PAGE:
Of course, when it comes to the Z 9, it’s a whole new ballgame. Not only is the autofocus performance absolutely on par with the competition, but it is arguably the best system available, not only because they’ve improved whatever algorithm is responsible in the camera for making the autofocus more “sticky.” But, they’ve also improved the speed at which one can switch in and out of autofocus modes. The little dedicated autofocus mode on the lower left side of the body is a godsend. It makes it incredibly easy to switch between focus modes instantly without ever taking my eye off the viewfinder. Generally, for the type of work I do, I flip between Auto Area AF With Auto Subject Detection (AF-F for video) and Wide Area Auto AF, when I want to get a little more specific with my aim. These two options are more than sufficient for most of my work. But, every option is there with an easy press of that dedicated autofocus mode button, allowing me to change my focus as quickly as I change my mind.

In the latest firmware, Nikon even offers you the ability to create custom shapes for your wide area AF. So, if you are shooting something particularly unique and you want the camera to only do its focus tricks in an area, the camera allows you to tell the system exactly where to look. All this makes the autofocus even more efficient.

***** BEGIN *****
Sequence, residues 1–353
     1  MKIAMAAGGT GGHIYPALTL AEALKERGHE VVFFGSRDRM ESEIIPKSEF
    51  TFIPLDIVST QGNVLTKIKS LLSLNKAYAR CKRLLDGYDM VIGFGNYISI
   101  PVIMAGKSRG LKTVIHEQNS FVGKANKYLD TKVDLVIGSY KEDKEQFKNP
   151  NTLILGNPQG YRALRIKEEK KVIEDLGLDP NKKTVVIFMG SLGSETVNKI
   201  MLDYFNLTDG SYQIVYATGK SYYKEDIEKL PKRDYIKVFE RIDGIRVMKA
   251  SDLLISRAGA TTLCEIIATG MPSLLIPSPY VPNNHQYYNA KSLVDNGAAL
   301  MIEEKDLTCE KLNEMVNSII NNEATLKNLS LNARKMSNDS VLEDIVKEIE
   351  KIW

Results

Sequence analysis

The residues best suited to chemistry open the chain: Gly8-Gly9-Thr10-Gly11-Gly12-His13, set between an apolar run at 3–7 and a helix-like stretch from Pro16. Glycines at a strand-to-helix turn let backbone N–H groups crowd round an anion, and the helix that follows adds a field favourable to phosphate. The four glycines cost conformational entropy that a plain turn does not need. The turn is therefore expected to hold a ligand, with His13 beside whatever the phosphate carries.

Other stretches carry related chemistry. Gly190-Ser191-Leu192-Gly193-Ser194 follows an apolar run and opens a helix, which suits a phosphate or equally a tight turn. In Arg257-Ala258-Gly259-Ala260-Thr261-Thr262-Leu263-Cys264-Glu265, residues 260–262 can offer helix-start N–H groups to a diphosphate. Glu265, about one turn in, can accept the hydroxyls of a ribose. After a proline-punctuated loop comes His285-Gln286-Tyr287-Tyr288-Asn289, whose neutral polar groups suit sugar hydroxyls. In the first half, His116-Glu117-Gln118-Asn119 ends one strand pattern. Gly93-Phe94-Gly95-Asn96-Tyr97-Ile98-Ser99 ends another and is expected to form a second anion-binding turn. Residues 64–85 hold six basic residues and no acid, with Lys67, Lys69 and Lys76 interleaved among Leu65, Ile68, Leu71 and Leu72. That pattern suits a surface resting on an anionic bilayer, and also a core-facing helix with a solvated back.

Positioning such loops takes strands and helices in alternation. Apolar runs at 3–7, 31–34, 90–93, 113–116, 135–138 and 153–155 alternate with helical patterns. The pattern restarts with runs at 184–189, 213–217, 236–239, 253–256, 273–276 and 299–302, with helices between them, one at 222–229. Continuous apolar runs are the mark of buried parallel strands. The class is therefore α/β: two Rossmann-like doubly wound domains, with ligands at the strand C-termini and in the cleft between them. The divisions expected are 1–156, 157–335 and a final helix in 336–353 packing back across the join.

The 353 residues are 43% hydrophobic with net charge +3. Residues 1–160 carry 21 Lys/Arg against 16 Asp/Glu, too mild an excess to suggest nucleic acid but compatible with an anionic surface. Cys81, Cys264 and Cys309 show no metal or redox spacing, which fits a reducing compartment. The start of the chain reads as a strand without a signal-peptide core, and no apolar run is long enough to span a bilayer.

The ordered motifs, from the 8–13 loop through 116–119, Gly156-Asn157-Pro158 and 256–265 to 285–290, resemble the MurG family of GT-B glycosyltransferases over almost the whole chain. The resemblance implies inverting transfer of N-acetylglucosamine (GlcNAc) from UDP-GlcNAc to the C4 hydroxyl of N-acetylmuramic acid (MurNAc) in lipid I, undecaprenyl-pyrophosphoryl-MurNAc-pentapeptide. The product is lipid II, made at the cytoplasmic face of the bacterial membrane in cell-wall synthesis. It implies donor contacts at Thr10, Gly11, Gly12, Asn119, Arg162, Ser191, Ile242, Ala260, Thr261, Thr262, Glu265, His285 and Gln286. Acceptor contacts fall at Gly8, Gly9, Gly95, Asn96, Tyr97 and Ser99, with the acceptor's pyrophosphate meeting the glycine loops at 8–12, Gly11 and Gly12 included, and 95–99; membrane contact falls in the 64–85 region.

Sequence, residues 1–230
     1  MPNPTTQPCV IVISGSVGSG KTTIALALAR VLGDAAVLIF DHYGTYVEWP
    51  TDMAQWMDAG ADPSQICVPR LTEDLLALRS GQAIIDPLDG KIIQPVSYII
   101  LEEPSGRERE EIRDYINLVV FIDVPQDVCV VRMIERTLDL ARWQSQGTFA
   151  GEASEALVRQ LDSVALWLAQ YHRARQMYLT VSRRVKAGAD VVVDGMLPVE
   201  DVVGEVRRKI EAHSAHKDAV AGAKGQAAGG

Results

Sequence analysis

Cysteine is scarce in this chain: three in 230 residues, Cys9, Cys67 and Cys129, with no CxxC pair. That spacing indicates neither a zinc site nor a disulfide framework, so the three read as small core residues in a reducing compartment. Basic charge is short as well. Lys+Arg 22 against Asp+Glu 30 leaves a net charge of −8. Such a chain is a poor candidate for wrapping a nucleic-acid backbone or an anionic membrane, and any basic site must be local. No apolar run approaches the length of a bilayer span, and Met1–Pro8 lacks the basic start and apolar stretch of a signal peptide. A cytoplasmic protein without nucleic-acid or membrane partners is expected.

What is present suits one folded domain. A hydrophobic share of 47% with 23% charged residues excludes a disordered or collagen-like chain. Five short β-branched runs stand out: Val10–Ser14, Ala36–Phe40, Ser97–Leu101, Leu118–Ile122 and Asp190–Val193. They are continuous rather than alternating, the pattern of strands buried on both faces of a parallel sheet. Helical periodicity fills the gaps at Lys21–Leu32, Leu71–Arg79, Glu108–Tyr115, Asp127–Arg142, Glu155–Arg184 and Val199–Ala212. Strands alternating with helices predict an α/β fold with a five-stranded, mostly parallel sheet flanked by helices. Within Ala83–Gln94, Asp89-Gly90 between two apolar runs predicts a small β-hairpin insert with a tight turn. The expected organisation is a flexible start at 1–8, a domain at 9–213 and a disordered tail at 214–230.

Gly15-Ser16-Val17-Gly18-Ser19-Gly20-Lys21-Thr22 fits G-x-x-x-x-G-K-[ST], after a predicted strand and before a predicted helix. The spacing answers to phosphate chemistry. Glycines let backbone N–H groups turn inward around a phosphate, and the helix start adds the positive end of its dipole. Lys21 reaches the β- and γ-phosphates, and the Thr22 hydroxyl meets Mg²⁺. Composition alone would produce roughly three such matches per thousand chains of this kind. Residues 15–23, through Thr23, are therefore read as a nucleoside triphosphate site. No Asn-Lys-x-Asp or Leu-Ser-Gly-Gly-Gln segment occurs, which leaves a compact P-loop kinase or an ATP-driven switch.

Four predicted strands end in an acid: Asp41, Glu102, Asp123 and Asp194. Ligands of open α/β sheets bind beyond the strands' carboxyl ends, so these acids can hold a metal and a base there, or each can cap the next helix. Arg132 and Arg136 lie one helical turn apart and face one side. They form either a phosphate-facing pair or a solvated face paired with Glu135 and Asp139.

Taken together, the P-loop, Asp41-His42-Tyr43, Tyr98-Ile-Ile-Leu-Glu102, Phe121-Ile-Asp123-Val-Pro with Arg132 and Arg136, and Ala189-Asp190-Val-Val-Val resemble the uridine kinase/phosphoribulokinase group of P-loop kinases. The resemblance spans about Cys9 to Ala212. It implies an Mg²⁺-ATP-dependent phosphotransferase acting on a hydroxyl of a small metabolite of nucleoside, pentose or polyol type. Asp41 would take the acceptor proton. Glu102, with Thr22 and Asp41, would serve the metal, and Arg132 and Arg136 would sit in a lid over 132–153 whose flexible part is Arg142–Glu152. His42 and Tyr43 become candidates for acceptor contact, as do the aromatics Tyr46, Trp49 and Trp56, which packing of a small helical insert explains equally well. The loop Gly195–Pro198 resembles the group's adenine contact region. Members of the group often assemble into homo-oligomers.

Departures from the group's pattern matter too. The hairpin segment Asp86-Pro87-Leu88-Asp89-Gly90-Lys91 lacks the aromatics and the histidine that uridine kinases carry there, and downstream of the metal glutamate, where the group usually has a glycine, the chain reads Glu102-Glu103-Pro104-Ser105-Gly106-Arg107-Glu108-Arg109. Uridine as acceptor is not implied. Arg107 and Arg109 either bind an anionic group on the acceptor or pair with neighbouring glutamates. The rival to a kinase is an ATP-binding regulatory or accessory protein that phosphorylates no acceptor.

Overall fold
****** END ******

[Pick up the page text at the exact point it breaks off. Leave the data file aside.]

This recent update to the Z 9 firmware is actually the impetus for me writing this article today. I just downloaded the new firmware last week, and this past weekend was my first chance to take it out for a spin on a professional shoot. If you think I loved my Z 9 before the firmware update, the recent additions have just made me fall in love all over again. As someone who is also a cinematographer used to working with larger cinema cameras, monitors, scopes, and everything in between, the addition of the waveform to Z 9 is perhaps my new favorite feature. Yes, you could always use a histogram to get you in the ballpark. Or, you could connect an external monitor to gain access to additional exposure tools. But, when it comes to waveforms, most mirrorless cameras have allowed this feature to live wholly with the big cinema boys.